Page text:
The media is full of ads trying to get homeowners to borrow on their home, at low interest, and to use the $ to pay off high-interest credit cards, etc.
Just remember: Over half a million dollars of home equity in Nevada is exempt from judgment creditors. To use exempt money to pay off debt, such a credit card debt, which is subject to being discharged in bankruptcy is at the top of the “poor money-management ideas” bucket and rightfully so.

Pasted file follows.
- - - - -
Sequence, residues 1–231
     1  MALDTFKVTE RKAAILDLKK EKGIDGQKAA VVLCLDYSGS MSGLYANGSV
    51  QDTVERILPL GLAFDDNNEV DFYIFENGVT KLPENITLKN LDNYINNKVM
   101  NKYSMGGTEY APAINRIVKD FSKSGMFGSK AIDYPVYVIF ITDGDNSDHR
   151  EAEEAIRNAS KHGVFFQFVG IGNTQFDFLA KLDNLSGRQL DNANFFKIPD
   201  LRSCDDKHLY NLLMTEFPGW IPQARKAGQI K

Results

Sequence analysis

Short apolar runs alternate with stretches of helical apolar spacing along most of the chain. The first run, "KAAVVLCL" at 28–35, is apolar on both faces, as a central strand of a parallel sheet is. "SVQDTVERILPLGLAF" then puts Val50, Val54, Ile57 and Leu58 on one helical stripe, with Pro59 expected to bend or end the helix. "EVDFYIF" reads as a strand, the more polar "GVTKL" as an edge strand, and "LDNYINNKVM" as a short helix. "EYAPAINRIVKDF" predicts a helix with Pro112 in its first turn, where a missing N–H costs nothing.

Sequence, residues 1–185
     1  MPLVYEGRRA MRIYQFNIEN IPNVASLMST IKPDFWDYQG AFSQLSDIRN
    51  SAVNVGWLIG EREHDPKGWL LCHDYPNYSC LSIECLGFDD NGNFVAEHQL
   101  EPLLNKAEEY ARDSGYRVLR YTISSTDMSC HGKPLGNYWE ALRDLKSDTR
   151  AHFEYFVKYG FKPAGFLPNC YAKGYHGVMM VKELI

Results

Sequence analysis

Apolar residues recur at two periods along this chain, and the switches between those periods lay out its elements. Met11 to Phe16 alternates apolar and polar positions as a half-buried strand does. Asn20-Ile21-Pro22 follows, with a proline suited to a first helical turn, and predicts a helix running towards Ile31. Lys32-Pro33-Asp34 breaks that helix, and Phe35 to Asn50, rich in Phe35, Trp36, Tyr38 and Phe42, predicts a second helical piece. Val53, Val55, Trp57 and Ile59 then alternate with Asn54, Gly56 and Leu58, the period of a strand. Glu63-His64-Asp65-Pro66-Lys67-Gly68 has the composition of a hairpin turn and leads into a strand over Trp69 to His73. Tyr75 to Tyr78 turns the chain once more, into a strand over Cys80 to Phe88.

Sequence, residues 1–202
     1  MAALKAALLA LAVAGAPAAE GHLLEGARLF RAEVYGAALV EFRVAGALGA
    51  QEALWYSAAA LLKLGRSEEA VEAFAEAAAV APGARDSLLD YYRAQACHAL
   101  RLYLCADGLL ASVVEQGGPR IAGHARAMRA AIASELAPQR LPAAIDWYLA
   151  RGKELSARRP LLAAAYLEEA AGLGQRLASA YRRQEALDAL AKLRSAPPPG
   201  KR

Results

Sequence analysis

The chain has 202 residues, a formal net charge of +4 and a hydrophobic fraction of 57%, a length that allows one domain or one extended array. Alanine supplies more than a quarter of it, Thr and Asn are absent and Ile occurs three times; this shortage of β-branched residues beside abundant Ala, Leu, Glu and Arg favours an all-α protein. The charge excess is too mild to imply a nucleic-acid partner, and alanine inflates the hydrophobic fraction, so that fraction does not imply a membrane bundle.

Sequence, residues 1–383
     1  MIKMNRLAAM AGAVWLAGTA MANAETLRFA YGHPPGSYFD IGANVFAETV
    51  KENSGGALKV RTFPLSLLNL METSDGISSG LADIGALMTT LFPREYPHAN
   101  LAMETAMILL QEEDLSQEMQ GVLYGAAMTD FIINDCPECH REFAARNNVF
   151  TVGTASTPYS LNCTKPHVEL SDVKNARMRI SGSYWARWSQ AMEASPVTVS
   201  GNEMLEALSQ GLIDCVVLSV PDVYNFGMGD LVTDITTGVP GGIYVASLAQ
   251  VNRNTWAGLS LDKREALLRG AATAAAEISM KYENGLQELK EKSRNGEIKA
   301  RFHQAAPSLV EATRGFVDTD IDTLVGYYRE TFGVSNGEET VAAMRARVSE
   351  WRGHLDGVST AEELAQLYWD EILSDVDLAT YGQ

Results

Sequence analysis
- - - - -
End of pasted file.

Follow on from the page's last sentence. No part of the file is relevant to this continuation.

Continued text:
I’ll likely figure out how to index these Blogs someday, but meanwhile, I will just title them with the date written. I spent most of this morning, doing what I often do: handling living trust problems. This fellow, now deceased, had set up a living trust back in the mid nineties. He had babied it for about 10 years and then forgot about it. So when he died the other day, his bank account and his safe deposit box were in his own name. They were not owned by the trust. I am in the process of deciding between the two available opportunities: Simply file a probate and, as he left a pour-over will, have the probate court distribute the bank account etc to the trustee of his trust or, in the alternative, file a Heggsted suit. Heggsted is available here as the decedent actually listed his bank account and account number on Schedule A to his trust. Probate is simpler, but takes six to eight months. And the executor can open and inventory the safe deposit box. Heggsted is faster but is no help with the safe-deposit box as it is not listed on Schedule A as being owned by the trust. So a petition for an order authorizing my client to open and inventory the safe deposit box would be necessary.